Slavs and Tatars is a collective of artists who identify “the area east of the former Berlin Wall and west of the Great Wall of China”—a vast landmass where Europe and Asia merge—as the focus of their work. First organized as a reading group in 2006, the group has lived and traveled in the region, which has been realigning itself since the collapse of Soviet Communism and has experienced escalating tensions between Eastern and Western identities—here, populations, allegiances, and languages are all in transition. In exploring the area’s expansive historical narratives and transnational relationships, Slavs and Tatars forgoes a strictly analytical stance for something more associative, intimate, and playful. Their projects stage unlikely combinations of mediums, cultural references, and modes of address; books and printed matter figure prominently in their work, as do contemplative, librarylike installations where visitors may consider their publications. Slavs and Tatars has devoted the past five years to two cycles of works, one celebrating the cultural complexity of the Caucasus, the other the unlikely heritage shared by Poland and Iran. Beyonsense, their piece for Projects 98, is the newest installment in a third cycle, The Faculty of Substitution, on the revolutionary role of the sacred and syncretic.
Beyonsense is named after a translation of zaum, a hybrid word coined by early-twentieth-century Russian poets to describe nonreferential and sensorial verbal expression. Here the collective aims to address the potential of language, in its mystical, spiritual dimensions, to both clarify and complicate communication across cultures, histories, and geographies: “We imagine that language is always revelatory, but it can hide as many meanings as it can reveal or divulge.” The letters ח (Hebrew), Х (Cyrillic), and خ (Arabic)—the foci of the collective’s recent research—are the work’s protagonists: three characters united by the single vocal sound that all of them represent. For the installation, Slavs and Tatars has created a reading room of reversals. The front area contains objects grounded in the group‘s literary interests; passing through hanging carpets, visitors enter a darkened, meditative space featuring its text pieces and printed publications. The suspended light fixture is inspired by a work that the American artist Dan Flavin made for a New York mosque. A selection of the group’s books, including the most recent title, Khhhhhhh, is available to read in seating areas.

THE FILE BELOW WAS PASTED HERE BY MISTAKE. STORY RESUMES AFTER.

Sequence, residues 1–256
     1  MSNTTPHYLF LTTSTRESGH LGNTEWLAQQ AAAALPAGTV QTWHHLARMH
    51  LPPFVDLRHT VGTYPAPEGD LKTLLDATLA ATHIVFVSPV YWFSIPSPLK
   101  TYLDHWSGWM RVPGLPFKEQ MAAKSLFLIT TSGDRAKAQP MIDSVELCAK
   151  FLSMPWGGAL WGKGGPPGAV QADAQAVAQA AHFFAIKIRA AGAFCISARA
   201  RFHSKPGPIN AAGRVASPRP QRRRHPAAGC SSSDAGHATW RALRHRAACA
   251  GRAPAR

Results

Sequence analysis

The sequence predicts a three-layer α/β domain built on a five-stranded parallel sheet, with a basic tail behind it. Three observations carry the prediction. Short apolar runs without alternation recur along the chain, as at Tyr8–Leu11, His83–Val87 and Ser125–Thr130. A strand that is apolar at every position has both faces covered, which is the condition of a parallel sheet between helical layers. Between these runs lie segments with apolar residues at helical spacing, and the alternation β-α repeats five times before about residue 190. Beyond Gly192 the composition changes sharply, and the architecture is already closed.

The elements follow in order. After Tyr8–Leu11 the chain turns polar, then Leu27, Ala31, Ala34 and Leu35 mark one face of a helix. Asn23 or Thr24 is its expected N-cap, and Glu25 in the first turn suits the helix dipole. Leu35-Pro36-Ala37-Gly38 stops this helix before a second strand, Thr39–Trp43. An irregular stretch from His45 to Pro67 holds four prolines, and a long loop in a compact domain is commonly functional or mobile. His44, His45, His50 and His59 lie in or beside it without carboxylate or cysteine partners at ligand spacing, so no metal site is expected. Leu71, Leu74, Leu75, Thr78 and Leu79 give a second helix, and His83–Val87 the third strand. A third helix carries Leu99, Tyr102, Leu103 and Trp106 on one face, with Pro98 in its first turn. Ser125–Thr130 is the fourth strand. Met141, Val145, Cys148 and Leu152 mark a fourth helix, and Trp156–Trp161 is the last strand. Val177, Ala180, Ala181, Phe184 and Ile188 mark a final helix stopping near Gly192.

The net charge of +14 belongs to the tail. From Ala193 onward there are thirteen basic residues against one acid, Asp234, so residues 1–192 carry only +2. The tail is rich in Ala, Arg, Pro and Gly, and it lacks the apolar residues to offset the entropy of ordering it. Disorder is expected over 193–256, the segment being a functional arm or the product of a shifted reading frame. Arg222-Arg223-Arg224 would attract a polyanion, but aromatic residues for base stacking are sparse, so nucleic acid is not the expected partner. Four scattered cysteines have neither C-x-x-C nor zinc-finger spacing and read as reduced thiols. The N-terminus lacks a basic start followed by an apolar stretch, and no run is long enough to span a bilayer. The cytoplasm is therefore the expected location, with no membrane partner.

The exhibition is organized by Gretchen Wagner, The Sue and Eugene Mercy, Jr., Assistant Curator, Department of Prints and Illustrated Books.